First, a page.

Top Linux Distros: Mandriva PDF Print E-mail

 Lesson 5 / Lesson 7

The Paris, France born distro, Mandriva, was first named Mandrakesoft in 1998 but changed its name to Mandriva after losing litigation to the Hearst Corporation over the name Mandrake. The name Mandriva is the result of Mandrakesoft and Connectiva combined. Connectiva is a company Madrakesoft purchased in 2005. As you may have noticed with many other Linux distributions, some distros often carry  applications designed specifically for that distro. These applications are frequently graphical tools and interfaces designed to help users. Mandriva is no exception to this trend and uses the urpmi package manager, Mandriva control center, and other tools to achieve a distinct feel.

Mandriva is a general purpose Windows replacement Linux distribution because it serves all desktop purposes but seems to be the choice of many converted windows users. Since 1998 Mandriva has focused on integrating the stability of Linux with the best graphical environments and graphical utilities. Mandriva has had success with converting computer users from their previous operating systems due to these graphical utlities.

Desktop Screenshot
Upon booting up this desktop for the first time I saw a dark theme highlighted by bright color lines, logo and distro menu. I immediately noticed a pop up window encouraging me to get involved in the Mandriva category and explaining how it works and what it is all about. I found this very helpful. I closed this window and found another pop up asking how I wanted to install the distro. After you're through the pop ups you'll see the black background and pink-floyd-colored logo. Mandriva comes with the option to install Gnome or KDE and now LXDE . The KDE install is more like windows in my opinion for users switching.

Everything was located in the right places on the desktop which included only one icon on the actual desktop and that was the "trash" icon. The menu icon and shortcuts appeared on the bottom panel to the left. On the right of the bottom panel were clipboard, organizer, net connection and sound icons. Further over was the digital clock, lock and shutdown icons. The menu was better than many KDE menus but was still hard to locate certain things like the control center. Even though the control center icon appears as a shortcut on the bottom panel by default.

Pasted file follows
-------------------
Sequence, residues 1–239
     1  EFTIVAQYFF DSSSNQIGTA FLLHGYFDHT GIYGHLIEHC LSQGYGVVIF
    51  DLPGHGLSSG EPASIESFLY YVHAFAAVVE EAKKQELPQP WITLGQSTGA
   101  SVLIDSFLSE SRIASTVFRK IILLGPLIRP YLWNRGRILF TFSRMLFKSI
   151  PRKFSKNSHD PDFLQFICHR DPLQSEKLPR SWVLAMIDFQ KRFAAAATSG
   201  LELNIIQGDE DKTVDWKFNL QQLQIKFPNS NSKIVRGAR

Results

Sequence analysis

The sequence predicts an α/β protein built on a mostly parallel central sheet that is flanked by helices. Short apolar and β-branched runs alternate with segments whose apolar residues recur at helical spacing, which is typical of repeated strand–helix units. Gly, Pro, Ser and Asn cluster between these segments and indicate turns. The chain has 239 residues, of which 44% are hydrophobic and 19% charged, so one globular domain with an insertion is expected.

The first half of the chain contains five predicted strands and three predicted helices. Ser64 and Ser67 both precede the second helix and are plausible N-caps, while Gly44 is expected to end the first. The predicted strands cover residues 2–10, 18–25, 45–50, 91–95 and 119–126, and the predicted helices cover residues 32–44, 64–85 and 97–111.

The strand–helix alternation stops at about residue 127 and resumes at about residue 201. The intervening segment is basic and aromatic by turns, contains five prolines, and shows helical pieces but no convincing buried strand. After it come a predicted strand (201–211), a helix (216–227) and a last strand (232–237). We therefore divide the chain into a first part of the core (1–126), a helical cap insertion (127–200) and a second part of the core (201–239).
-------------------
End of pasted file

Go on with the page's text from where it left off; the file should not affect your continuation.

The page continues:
Help Resources
Mandriva has an active community that may provide some help to you problems while using th distro. Look at the Mandriva website,, where you can find downloads, Mandriva store, the community, support section and more. Quite a few books and ebooks are centered on the Mandriva Linux are available for free and otherwise on the internet. You can find a good selection of free tutorials at on how to use the Mandriva Linux operating system.

Mandriva is available in several versions for you to try. The One version includes the Mandriva desktop for users free of charge while Mandriva Powerpack includes the Mandriva desktop plus a mountain of software. This version serves as the all-in-one version of Mandriva that includes everything you need. Another version of Mandriva available is Mandriva Flash which is a complete mobile 3D desktop on a 8 GB USB key. You take your Linux desktop with you, use 6GB of storage, and install Mandriva to a hard disk anywhere, whenever you want.

My Feeling
Mandriva seems to attract many Windows users however as a former Windows user I have felt more comfortable with Fedora or Ubuntu than Mandriva. Mandriva definitely does a better job than many distros with KDE but I still found some of the desktop confusing, especially the menu which was just a matter of taking a closer look to find what I needed.


After inserting the Mandriva One installation CD I found the first screen contained language selection. I selected English (American) from the list and clicked Next.

 Now we need to select the Accept radio button option on the License Agreement screen and click Next.

The next screen is to select the timezone we are located in. I clicked New York and then the Next button.

On this screen set your date and time and click Next.

Now we need to set the keyboard layout for our system. I selected US keyboard and clicked Next.

Now I could see an introduction window explaining the community and prompted me to get involved.

Once the desktop was up and clear of informative pop up windows I could see the dark desktop layout accented by colorful icons and logos.

To finish the installation click on the the install options on the transparent window located on the desktop each time you boot from the live CD.